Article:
The end of March and beginning of April mark a special time for anyone in the post-secondary education sector. The term comes to a close, the academic school year settles into its final exams, papers, and for music students – final concerts. This month we’re exploring the end-of-term concerts at Western University, University of Toronto (my alma mater), and York University.
University of Toronto is lucky in its breadth of ensembles and guests. The program is also very large with four major choral ensembles and over 200 students across the various ensembles. As conductors Mark Ramsay, Elaine Choi, Lori-Anne Dolloff, and David Fallis share, this work begins the previous year before the students even start classes.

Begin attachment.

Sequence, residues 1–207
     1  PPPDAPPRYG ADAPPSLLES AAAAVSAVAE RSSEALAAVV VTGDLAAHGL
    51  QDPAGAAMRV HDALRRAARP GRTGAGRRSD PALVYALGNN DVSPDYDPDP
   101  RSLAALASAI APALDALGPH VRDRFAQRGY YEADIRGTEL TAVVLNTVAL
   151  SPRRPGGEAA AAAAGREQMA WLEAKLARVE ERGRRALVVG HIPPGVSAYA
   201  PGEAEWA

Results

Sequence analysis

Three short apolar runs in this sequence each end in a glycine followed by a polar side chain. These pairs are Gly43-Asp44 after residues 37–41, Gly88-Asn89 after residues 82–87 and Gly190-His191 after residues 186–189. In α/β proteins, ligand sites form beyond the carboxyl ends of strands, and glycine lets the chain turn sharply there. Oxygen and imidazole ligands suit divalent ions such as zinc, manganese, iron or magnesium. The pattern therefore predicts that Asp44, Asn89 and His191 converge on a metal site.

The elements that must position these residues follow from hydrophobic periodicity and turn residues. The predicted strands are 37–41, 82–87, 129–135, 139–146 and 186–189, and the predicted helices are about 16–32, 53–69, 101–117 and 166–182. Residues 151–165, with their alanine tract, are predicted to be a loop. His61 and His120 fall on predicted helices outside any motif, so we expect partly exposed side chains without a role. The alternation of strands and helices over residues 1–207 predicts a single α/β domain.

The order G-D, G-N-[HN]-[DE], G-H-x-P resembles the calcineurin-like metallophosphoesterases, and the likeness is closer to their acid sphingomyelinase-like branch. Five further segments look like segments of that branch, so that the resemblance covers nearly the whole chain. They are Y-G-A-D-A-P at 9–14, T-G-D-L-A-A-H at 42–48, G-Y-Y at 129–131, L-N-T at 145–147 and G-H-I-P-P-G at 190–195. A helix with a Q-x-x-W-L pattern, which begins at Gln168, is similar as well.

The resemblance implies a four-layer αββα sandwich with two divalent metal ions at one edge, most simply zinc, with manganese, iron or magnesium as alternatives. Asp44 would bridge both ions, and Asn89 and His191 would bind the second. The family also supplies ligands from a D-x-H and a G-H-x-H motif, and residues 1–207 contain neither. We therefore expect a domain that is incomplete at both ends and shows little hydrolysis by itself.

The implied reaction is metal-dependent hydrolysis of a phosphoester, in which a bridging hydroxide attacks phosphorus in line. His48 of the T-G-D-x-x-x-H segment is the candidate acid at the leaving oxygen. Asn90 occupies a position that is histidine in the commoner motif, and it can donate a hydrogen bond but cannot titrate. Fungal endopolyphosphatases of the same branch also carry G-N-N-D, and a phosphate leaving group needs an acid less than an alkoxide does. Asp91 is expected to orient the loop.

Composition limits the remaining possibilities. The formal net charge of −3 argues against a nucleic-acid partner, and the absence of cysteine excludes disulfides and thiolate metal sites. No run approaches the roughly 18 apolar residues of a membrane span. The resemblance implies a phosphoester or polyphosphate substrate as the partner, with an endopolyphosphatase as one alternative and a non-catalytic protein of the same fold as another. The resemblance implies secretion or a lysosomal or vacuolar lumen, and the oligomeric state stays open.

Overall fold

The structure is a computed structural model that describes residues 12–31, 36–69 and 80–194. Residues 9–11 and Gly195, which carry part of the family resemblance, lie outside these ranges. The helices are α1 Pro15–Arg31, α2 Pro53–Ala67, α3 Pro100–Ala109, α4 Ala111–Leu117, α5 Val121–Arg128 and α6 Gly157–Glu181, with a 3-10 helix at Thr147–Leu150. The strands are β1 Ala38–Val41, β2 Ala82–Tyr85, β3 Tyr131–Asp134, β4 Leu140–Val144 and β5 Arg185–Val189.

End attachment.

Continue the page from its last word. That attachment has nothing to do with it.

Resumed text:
It’s a delicate balance to program works that are familiar while challenging; pedagogical, but fun. Not all the music needs to be new, because as Ramsay shares, “Working with a new conductor and/or singing with new colleagues can bring a fresh perspective to a familiar work. Singers also sometimes note [by revisiting familiar works] that their own skills have improved. Elements such as break management, vowel unification and dynamic control that were challenging the first time, may now be easier.” But they note, “It’s important to have some challenging music late in the season to keep a goal to strive for.” The MacMillan singers, under David Fallis also have the pleasure of singing a composition written by one of their own, Katharine Petkovski’s The Angels.